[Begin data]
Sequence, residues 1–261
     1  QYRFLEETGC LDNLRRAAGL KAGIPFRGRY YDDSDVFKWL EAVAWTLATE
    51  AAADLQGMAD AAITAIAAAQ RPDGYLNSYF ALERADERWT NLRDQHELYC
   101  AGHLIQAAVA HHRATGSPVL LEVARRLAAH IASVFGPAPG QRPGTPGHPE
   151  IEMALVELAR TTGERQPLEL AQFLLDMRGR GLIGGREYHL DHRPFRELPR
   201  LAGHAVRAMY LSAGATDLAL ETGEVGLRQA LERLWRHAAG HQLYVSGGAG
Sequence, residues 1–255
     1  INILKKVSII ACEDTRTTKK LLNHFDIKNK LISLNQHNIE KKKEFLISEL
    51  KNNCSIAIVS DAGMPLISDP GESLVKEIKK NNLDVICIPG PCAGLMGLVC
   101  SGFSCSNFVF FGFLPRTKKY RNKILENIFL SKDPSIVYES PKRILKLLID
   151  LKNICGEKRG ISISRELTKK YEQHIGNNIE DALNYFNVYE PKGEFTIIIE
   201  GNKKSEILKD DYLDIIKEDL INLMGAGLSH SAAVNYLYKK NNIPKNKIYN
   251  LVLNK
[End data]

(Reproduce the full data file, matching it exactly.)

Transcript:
Sequence, residues 1–261
     1  QYRFLEETGC LDNLRRAAGL KAGIPFRGRY YDDSDVFKWL EAVAWTLATE
    51  AAADLQGMAD AAITAIAAAQ RPDGYLNSYF ALERADERWT NLRDQHELYC
   101  AGHLIQAAVA HHRATGSPVL LEVARRLAAH IASVFGPAPG QRPGTPGHPE
   151  IEMALVELAR TTGERQPLEL AQFLLDMRGR GLIGGREYHL DHRPFRELPR
   201  LAGHAVRAMY LSAGATDLAL ETGEVGLRQA LERLWRHAAG HQLYVSGGAG
Sequence, residues 1–255
     1  INILKKVSII ACEDTRTTKK LLNHFDIKNK LISLNQHNIE KKKEFLISEL
    51  KNNCSIAIVS DAGMPLISDP GESLVKEIKK NNLDVICIPG PCAGLMGLVC
   101  SGFSCSNFVF FGFLPRTKKY RNKILENIFL SKDPSIVYES PKRILKLLID
   151  LKNICGEKRG ISISRELTKK YEQHIGNNIE DALNYFNVYE PKGEFTIIIE
   201  GNKKSEILKD DYLDIIKEDL INLMGAGLSH SAAVNYLYKK NNIPKNKIYN
   251  LVLNK